I'm expecting the car to land and engage the suspension to dampen the landing. The code I'm using currently has this effect: car hops

# vehicle.gd
extends RigidBody3D

# Suspension variables
@export var suspension_rest_length: float = 0.5 
@export var suspension_max_length: float = 1.0
@export var suspension_stiffness: float = 500.0
@export var dampening_sensitivity: float = 450.0
@export var dampening_max: float = 30.0

# Suspension Raycasts
@onready var fr: RayCast3D = $FR
@onready var fl: RayCast3D = $FL
@onready var rr: RayCast3D = $RR
@onready var rl: RayCast3D = $RL

# Wheel nodes
@onready var fr_wheel: Marker3D = $FR/Wheel
@onready var fl_wheel: Marker3D = $FL/Wheel
@onready var rr_wheel: Marker3D = $RR/Wheel
@onready var rl_wheel: Marker3D = $RL/Wheel

func _physics_process(delta):
    if fr.is_colliding():
        # Get distance to ground
        var dist = fr.get_collision_point().distance_to(fr.global_transform.origin)

        # Get dampening, clamp between 0 and max dampening
        var dampening = clamp(fr_wheel.get_velocity().length() * dampening_sensitivity, 0, dampening_max)

        # At location of raycast, apply suspension forces
        self.apply_force(Vector3.UP * (suspension_stiffness * (dist - suspension_rest_length) + dampening), fr.global_transform.basis.y)

        # Set location of wheel to raycast collision point
        fr_wheel.global_transform.origin = fr.get_collision_point()
    if fl.is_colliding():
        var dist = fl.get_collision_point().distance_to(fl.global_transform.origin)
        var dampening = clamp(fl_wheel.get_velocity().length() * dampening_sensitivity, 0, dampening_max)
        self.apply_force(Vector3.UP * (suspension_stiffness * (dist - suspension_rest_length) + dampening), fl.global_transform.basis.y)
        fl_wheel.global_transform.origin = fl.get_collision_point()
    if rr.is_colliding():
        var dist = rr.get_collision_point().distance_to(rr.global_transform.origin)
        var dampening = clamp(rr_wheel.get_velocity().length() * dampening_sensitivity, 0, dampening_max)
        self.apply_force(Vector3.UP * (suspension_stiffness * (dist - suspension_rest_length) + dampening), rr.global_transform.basis.y)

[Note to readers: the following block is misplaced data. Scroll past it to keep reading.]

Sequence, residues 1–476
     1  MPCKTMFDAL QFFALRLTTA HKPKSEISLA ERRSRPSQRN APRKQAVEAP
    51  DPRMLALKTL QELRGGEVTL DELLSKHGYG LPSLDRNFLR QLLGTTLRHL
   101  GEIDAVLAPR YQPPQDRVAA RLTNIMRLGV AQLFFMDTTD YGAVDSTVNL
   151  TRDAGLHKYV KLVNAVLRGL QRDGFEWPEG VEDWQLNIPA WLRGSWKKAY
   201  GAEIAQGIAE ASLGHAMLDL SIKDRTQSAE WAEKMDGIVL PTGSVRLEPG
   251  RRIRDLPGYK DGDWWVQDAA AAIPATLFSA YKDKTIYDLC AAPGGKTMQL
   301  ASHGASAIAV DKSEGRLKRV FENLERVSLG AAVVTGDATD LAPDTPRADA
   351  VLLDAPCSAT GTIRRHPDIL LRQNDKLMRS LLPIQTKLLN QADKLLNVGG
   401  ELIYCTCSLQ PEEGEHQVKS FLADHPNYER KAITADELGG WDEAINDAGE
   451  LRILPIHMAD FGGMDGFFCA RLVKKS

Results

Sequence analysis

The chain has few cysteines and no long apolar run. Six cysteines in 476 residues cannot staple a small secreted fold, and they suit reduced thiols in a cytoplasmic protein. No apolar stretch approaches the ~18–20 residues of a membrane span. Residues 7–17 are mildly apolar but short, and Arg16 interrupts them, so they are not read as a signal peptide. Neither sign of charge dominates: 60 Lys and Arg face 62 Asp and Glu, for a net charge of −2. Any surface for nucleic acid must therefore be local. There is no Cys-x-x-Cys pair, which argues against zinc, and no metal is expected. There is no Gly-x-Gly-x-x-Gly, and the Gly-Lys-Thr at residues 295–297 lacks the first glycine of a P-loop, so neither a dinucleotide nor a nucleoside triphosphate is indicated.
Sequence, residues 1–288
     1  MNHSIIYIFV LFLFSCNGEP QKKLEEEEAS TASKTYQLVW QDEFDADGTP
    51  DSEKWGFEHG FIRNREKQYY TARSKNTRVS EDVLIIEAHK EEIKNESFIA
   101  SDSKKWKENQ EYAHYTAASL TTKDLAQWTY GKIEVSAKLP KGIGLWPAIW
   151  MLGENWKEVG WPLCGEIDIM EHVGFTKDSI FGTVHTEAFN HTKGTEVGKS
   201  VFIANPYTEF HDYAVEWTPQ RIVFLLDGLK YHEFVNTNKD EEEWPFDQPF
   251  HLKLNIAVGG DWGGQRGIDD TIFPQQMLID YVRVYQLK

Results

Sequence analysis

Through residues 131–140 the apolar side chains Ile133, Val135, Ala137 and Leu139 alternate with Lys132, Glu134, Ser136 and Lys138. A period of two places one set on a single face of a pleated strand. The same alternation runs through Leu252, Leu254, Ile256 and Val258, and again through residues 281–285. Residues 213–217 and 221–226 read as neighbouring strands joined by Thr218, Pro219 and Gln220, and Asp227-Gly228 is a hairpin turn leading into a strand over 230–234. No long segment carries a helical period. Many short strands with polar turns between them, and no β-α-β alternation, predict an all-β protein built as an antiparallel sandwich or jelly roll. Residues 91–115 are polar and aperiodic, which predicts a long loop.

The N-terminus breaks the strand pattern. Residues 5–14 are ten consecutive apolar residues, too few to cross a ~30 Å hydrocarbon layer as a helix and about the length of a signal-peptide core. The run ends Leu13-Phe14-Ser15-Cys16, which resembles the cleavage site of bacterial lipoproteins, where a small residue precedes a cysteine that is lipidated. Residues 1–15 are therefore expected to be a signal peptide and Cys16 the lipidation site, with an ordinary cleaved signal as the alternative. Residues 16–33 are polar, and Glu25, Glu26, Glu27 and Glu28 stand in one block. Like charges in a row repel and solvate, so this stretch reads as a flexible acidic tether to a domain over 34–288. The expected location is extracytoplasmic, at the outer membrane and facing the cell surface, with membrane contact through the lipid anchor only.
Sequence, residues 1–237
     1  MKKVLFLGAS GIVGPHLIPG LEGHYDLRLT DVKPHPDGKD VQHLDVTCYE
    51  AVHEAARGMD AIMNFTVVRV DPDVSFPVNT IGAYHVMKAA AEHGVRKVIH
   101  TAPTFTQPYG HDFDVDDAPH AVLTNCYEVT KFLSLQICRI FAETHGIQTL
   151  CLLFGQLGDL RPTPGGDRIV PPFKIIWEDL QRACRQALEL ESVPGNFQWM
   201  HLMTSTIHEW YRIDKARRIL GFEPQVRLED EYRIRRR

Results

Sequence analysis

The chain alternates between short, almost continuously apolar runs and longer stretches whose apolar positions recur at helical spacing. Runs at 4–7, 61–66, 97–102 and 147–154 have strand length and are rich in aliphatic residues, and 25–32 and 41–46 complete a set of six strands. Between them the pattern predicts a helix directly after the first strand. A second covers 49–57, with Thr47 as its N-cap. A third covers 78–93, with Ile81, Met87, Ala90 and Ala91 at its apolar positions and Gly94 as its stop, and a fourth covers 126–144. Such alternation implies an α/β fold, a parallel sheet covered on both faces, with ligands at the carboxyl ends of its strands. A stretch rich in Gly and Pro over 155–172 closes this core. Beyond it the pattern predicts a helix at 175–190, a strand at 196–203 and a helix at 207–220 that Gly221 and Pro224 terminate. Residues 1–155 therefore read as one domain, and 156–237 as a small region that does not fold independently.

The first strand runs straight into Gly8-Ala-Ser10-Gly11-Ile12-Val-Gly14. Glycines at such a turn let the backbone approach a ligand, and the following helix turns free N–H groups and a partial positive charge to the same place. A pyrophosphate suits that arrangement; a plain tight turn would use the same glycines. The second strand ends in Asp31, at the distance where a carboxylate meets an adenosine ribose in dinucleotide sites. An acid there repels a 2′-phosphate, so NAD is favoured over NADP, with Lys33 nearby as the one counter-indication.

rr_wheel.global_transform.origin = rr.get_collision_point()
    if rl.is_colliding():
        var dist = rl.get_collision_point().distance_to(rl.global_transform.origin)
        var dampening = clamp(rl_wheel.get_velocity().length() * dampening_sensitivity, 0, dampening_max)
        self.apply_force(Vector3.UP * (suspension_stiffness * (dist - suspension_rest_length) + dampening), rl.global_transform.basis.y)
        rl_wheel.global_transform.origin = rl.get_collision_point()

1 Answer 1


Three issues:

  1. suspension_stiffness is 500 which seems like a very large massive force to apply. (Maybe the car is so heavy that this level is necessary?)
  2. Assuming your RayCast3D are casting below the wheel's neutral contact point, checking fl.is_colliding() means when the wheels are on the ground, they are applying the upward force. So the car will never want to rest on the ground.
  3. An upward "dampening" force is applied whenever the wheels are moving (in any direction).

Adjust your RayCast3D so they end their cast just above the lowest acceptable position for the wheel.

Step through your code and see what kinds of force values you're getting. Use a local variable so you can easily see the force strength:

var force_magnitude = suspension_stiffness * (dist - suspension_rest_length) + dampening
self.apply_force(Vector3.UP * force_magnitude, fl.global_transform.basis.y)

Try removing the damping component of the force so it can sometimes be zero. You may need to omit the call to apply_force if the total force is zero.

Try using a CSGSphere3D and changing its colour to indicate different states in your code to make it easier to see what's going on (or use the godot_debug_draw_3d plugin). You can also draw debug text and record your screen so you can scrub back and forth to see what's happening.


You must log in to answer this question.

Not the answer you're looking for? Browse other questions tagged .